Uganda's decision to slash the number of statutory agencies in an attempt to reduce high public administration costs is likely to trigger distress among local property owners, travel agents and various suppliers as the country braces for big government spending cuts expected in 2021, observers have said.
Under the restructuring plan, more than 60 statutory authorities and agencies will be merged and ‘collapsed’ into parent ministries as government struggles to tame rising administrative costs tied to mushrooming regulatory bodies established over the past 10 years.
Sensitive agencies will be preserved in a major administrative overhaul scheduled to cover three years, according to government officials. Among the targeted high cost items are rental bills, fuel expenses, foreign travel and staff allowances.
Affected agencies include the Uganda National Roads Authority (UNRA), the Uganda Road Fund, Uganda Tourism Board (UTB), the National Forestry Authority, the Uganda Wildlife Authority, the Uganda Investment Authority, the Uganda Warehouse Receipt System Authority and the National Information Technology Authority of Uganda (Nita-U).
Others are the Insurance Regulatory Authority of Uganda (IRAU), the Uganda Retirement Benefits Regulatory Authority (URBRA), the Public Service Commission, the Education Service Commission and the Health Service Commission.
Government institutions excluded from the reorganisation are the Civil Aviation Authority, the Uganda National Bureau of Standards and the Financial Intelligence Authority.
The reduction in existing government agencies and authorities is expected to generate huge savings from rental charges incurred every year but could translate into lost revenues for big property owners.
Rental costs incurred by statutory agencies have increased to Ush50.4 billion ($13.2 million) per year to date, according to data compiled by the Ministry of Public Service with many institutions to rents denominated in dollars.
Most of the affected agencies are key tenants in high-end commercial office buildings located in Kampala with two to three year leases.
For example, UNRA occupies more than two floors at the UAP Business Park located in Nakawa while UTB and Nita-U are tenants at Lugogo House.
Similarly, the IRAU is a valued tenant at Legacy Towers while URBRA is the biggest tenant in an office block located on Clement Hill Road that serves less than five clients.
Other major users of commercial office space in Kampala City are multinationals and NGOs.
While some property managers seem confused about the impact of the government’s restructuring plan on their business performance, some property investors are keen to diversify their portfolios in order to minimise the fallout from the spending cuts.
Large car fleets
“We realised three years ago that the government was thinking about cutting budgets for office space and was encouraging its agencies to construct their own office premises. That is why we opted to invest in new, mixed use properties that provide both hotel facilities and office space will generate higher demand in future than ordinary office space,” said a source at Twed Property Development.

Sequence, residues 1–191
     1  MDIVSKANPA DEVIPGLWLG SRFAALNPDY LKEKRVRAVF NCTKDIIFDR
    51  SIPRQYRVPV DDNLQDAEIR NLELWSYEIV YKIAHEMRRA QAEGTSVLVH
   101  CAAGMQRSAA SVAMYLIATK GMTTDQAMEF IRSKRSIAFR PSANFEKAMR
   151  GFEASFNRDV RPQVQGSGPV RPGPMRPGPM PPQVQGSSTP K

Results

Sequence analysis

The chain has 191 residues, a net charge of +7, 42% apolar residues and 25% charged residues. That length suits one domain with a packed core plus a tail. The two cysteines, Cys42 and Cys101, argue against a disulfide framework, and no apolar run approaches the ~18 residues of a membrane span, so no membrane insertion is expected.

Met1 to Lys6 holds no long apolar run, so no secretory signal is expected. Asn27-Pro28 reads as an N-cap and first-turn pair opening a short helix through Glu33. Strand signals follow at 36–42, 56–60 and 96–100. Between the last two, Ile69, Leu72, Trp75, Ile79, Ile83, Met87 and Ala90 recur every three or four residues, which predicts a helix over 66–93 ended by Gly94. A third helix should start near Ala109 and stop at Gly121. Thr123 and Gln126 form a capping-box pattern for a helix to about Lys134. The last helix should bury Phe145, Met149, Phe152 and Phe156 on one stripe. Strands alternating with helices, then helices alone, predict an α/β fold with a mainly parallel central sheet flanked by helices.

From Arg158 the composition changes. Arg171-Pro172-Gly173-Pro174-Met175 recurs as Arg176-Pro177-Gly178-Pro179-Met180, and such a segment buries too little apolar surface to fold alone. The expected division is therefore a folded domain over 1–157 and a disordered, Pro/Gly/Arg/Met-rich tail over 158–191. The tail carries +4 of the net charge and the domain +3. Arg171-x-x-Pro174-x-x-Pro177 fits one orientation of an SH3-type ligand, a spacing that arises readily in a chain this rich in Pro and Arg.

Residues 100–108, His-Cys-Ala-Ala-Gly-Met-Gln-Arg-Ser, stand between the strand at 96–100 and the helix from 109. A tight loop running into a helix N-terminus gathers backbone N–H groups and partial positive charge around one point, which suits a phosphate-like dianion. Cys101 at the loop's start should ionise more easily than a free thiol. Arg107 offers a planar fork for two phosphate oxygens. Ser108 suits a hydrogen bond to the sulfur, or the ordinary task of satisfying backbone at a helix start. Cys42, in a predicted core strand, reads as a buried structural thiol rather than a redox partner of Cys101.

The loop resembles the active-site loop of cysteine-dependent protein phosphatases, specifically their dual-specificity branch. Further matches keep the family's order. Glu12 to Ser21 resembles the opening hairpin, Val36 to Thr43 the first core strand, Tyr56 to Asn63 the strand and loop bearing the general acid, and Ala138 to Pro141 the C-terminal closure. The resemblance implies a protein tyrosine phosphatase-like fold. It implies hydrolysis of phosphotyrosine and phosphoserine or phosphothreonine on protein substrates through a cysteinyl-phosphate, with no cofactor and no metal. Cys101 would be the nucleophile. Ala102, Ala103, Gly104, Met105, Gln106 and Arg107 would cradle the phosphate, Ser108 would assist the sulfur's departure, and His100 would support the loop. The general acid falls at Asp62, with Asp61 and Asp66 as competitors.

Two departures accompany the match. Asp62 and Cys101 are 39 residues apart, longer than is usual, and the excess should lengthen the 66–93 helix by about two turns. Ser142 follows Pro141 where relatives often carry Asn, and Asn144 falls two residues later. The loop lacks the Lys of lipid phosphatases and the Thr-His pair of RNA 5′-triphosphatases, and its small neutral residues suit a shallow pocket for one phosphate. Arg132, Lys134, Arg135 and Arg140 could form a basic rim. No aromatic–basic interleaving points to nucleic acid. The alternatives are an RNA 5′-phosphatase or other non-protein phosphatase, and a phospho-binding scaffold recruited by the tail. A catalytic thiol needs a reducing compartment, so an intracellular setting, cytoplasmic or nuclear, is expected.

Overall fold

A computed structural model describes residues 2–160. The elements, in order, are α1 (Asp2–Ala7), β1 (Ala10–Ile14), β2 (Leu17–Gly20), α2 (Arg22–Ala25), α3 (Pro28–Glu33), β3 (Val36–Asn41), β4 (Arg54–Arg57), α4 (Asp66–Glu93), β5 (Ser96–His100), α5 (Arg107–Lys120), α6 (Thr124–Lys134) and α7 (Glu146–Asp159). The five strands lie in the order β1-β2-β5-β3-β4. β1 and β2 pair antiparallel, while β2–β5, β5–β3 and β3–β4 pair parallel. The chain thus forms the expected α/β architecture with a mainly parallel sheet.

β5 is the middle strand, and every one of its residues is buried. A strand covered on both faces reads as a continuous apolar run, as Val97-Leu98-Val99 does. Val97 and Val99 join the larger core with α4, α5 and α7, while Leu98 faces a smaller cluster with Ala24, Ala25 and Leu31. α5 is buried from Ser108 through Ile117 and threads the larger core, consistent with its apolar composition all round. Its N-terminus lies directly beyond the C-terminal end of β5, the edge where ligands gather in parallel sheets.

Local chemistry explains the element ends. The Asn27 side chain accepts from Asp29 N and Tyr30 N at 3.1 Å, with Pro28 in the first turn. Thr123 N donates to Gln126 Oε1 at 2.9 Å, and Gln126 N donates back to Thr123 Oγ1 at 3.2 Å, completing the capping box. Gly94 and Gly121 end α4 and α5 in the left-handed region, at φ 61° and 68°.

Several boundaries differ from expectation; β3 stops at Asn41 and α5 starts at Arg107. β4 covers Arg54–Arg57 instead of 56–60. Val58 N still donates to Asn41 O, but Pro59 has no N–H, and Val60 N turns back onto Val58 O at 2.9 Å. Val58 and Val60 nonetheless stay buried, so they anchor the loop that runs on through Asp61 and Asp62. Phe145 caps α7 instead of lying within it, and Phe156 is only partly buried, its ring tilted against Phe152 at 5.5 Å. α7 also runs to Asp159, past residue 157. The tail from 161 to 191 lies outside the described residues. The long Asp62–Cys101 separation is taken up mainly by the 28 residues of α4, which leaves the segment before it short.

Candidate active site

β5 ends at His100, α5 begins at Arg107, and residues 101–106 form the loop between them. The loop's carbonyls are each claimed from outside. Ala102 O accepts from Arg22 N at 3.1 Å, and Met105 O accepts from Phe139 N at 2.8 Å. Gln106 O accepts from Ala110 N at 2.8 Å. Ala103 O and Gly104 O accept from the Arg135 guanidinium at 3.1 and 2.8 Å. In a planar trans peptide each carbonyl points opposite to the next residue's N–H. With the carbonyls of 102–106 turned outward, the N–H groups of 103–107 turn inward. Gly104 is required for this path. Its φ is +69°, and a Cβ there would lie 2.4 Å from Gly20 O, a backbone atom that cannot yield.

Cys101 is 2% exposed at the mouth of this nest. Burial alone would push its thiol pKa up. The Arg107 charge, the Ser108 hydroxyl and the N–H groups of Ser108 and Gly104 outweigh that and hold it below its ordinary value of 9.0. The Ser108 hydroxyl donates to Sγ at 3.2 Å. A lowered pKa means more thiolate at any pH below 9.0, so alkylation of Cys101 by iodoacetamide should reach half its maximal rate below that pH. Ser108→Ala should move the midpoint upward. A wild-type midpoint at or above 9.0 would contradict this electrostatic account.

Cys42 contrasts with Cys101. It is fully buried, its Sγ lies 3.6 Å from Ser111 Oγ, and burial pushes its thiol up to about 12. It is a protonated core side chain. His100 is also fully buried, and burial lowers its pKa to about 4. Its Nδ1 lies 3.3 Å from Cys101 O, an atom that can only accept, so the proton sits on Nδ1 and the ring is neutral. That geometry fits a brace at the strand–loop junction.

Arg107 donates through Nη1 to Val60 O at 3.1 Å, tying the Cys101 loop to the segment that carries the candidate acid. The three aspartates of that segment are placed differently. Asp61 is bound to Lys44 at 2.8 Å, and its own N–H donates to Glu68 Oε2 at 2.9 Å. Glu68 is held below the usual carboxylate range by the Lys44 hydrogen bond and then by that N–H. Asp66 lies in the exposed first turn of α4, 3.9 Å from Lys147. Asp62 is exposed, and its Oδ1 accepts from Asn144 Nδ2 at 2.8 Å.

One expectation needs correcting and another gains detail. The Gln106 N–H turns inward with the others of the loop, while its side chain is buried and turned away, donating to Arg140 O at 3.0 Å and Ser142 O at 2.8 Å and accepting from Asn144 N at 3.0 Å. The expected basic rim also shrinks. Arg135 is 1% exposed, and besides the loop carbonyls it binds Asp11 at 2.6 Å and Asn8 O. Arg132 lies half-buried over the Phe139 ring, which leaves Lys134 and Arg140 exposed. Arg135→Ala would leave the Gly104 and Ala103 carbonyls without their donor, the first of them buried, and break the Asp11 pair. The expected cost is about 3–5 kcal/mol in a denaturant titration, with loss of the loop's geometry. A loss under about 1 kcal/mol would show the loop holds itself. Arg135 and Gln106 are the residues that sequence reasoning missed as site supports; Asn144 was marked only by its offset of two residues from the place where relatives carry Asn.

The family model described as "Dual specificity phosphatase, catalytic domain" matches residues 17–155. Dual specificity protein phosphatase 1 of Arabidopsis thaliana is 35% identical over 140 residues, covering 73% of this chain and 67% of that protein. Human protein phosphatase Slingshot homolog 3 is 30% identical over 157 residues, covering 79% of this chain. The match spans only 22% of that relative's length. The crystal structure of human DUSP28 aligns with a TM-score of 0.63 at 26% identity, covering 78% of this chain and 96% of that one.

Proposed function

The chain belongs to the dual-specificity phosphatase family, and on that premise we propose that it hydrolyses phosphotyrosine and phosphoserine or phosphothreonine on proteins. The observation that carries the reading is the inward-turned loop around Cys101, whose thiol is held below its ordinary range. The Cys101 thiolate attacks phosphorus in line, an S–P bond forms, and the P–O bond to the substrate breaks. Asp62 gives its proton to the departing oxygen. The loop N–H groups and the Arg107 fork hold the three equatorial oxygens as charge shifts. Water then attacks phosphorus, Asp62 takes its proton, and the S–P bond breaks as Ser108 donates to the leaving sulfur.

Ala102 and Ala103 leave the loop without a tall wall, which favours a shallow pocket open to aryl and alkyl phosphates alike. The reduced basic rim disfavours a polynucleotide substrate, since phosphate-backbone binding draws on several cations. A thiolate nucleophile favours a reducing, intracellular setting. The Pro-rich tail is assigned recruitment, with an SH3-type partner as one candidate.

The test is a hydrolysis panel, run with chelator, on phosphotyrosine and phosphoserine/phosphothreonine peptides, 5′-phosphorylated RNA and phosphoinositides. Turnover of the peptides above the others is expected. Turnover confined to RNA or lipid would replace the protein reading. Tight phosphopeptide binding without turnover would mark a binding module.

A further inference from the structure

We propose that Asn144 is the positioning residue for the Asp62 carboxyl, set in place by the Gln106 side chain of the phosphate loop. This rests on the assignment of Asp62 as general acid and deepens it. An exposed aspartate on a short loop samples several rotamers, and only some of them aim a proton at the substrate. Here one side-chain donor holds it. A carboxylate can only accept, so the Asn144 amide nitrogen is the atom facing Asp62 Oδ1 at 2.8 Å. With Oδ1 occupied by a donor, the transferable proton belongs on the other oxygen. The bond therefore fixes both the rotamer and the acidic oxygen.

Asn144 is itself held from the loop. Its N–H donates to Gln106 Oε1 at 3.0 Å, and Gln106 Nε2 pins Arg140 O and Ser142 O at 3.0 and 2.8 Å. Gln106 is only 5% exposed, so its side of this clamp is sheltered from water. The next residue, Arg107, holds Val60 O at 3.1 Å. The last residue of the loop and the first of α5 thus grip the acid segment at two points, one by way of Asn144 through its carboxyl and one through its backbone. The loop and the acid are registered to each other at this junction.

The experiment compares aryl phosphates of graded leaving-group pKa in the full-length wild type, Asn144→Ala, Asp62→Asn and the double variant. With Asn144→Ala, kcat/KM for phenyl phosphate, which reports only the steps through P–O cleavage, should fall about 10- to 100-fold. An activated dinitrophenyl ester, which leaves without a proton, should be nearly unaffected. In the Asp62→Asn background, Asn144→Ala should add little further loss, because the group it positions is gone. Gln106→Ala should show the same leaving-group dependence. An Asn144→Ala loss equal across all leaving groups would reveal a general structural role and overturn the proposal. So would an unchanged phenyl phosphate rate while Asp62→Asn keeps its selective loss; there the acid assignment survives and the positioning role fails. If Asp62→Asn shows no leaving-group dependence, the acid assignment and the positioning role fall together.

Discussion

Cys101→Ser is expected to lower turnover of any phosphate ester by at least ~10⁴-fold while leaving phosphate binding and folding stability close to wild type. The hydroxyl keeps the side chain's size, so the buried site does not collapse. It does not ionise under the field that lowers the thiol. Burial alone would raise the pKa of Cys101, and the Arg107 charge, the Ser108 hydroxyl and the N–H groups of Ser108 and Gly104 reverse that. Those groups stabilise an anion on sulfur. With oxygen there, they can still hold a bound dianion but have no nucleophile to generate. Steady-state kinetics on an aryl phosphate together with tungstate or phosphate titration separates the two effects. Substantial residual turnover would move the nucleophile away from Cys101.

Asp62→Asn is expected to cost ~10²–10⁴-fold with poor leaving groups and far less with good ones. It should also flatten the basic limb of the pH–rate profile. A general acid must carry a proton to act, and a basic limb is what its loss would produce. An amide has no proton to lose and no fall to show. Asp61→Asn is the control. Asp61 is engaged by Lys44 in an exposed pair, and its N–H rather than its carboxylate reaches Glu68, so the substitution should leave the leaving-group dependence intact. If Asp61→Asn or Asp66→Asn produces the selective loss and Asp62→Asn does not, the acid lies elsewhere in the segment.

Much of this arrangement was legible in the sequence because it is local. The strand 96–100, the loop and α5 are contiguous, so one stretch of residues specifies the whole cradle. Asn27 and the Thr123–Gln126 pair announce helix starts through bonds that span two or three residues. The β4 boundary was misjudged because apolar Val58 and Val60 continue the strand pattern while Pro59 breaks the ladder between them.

Total spending on fuel by statutory agencies has grown to Ush81 billion ($21.2 million) per year according to government data, a figure that is likely to drop after the reorganisation.
Fairly large vehicle fleets dominated by big cars with engine capacity of more than 3000cc and growing transport needs faced by statutory bodies are to blame for this huge fuel bill.
An increase in the number of districts to 125 has increased operational pressure on various government agencies that manage scattered facilities.
Large spending cuts expected in this docket are bound to affect leading fuel companies that have enjoyed juicy supply contracts with some government agencies in the past.
Vivo Energy Uganda and Total Uganda are the largest players, with the former accounting for the lion’s share of fuel volumes sold in the market while the latter boasts of the biggest distribution network with 130 filling stations in its business portfolio.
“The idea of merging of statutory agencies under ministries is obviously good for cutting public administration costs but this process should be based on an informed study and I am yet to see one. It is true that the consolidation process carries negative implications for some businesses but I believe the wider social interest should override selfish private interests,” said Gideon Badagawa, executive director at the Private Sector Foundation of Uganda.
“A company may lose out on some big commercial opportunities at the end of the day but what is its contribution to the taxpayers’ well being? The better solution would be to expand market opportunities for affected businesses,” Mr Badagawa added.
Some of the affected agencies have questioned the rationale and motives of the reorganisation, citing investment-related risks.
“The government needs to communicate its decision formally because we are so far still reading about these things in newspapers. I do support saving money and minimising duplication of government functions, but saving cash is not an end in itself. Regulators are not mere spending centres but are obliged to create confidence among the businesses they regulate, which in turn, boosts investment levels in the economy.
“The IRAU does not depend on the Consolidated Fund but has become self-reliant as internal revenues grow. If the government moved this institution to Bank of Uganda, what message would it send to market players?” asked Ibrahim Kaddunabi, IRAU’s chief executive officer.